Journal Article
Review
Add like
Add dislike
Add to saved papers

Mood disorders in adults with epilepsy: a review of unrecognized facts and common misconceptions.

Epilepsy is one of the most common neurologic conditions. Its clinical manifestations are not restricted to seizures but often include cognitive disturbances and psychiatric disorders. Prospective population-based studies have shown that people with epilepsy have an increased risk of developing mood disorders, and people with a primary mood disorder have an increased risk of developing epilepsy. The existence of common pathogenic mechanisms in epilepsy and mood disorders may explain the bidirectional relation between these two conditions. Recognition of a personal and family psychiatric history at the time of evaluation of people for a seizure disorder is critical in the selection of antiseizure medications: those with mood-stabilizing properties (e.g., lamotrigine, oxcarbazepine) should be favoured as a first option in those with a positive history while those with negative psychotropic properties (e.g., levetiracetam, topiramate) avoided. While mood disorders may be clinically identical in people with epilepsy, they often present with atypical manifestations that do not meet ICD or DSM diagnostic criteria. Failure to treat mood disorders in epilepsy may have a negative impact, increasing suicide risk and iatrogenic effects of antiseizure medications and worsening quality of life. Treating mood disorders in epilepsy is identical to those with primary mood disorders. Yet, there is a common misconception that antidepressants have proconvulsant properties. Most antidepressants are safe when prescribed at therapeutic doses. The incidence of seizures is lower in people randomized to antidepressants than placebo in multicenter randomized placebo-controlled trials of people treated for a primary mood disorder. Thus, there is no excuse not to prescribe antidepressant medications to people with epilepsy.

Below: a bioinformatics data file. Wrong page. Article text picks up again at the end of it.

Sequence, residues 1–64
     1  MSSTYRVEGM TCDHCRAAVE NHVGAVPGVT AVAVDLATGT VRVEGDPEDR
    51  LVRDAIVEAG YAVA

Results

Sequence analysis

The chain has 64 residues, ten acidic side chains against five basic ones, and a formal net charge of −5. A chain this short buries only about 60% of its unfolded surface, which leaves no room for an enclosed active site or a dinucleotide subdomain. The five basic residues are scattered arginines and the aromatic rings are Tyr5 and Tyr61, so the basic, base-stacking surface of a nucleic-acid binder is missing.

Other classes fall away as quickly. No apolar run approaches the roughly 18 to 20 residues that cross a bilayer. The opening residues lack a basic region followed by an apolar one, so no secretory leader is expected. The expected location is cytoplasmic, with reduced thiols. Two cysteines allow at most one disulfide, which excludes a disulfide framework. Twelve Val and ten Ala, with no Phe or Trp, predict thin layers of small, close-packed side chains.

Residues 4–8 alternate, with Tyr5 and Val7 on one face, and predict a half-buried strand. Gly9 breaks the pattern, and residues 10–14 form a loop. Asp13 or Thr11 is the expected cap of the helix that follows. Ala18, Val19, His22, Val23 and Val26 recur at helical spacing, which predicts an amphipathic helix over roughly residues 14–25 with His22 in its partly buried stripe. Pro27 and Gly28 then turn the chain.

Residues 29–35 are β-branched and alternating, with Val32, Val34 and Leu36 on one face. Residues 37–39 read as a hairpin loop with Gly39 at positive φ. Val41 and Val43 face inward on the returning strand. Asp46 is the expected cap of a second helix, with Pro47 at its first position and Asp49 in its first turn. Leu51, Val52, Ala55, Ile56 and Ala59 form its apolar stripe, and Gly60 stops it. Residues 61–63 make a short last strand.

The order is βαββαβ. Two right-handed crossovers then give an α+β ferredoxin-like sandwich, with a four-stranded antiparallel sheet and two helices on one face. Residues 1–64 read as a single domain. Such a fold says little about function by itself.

Full text links

We have located links that may give you full text access.
Can't access the paper?
Try logging in through your university/institutional subscription. For a smoother one-click institutional access experience, please use our mobile app.

Related Resources

For the best experience, use the Read mobile app

Mobile app image

Get seemless 1-tap access through your institution/university

For the best experience, use the Read mobile app

All material on this website is protected by copyright, Copyright © 1994-2024 by WebMD LLC.
This website also contains material copyrighted by 3rd parties.

By using this service, you agree to our terms of use and privacy policy.

Your Privacy Choices Toggle icon

You can now claim free CME credits for this literature searchClaim now

Get seemless 1-tap access through your institution/university

For the best experience, use the Read mobile app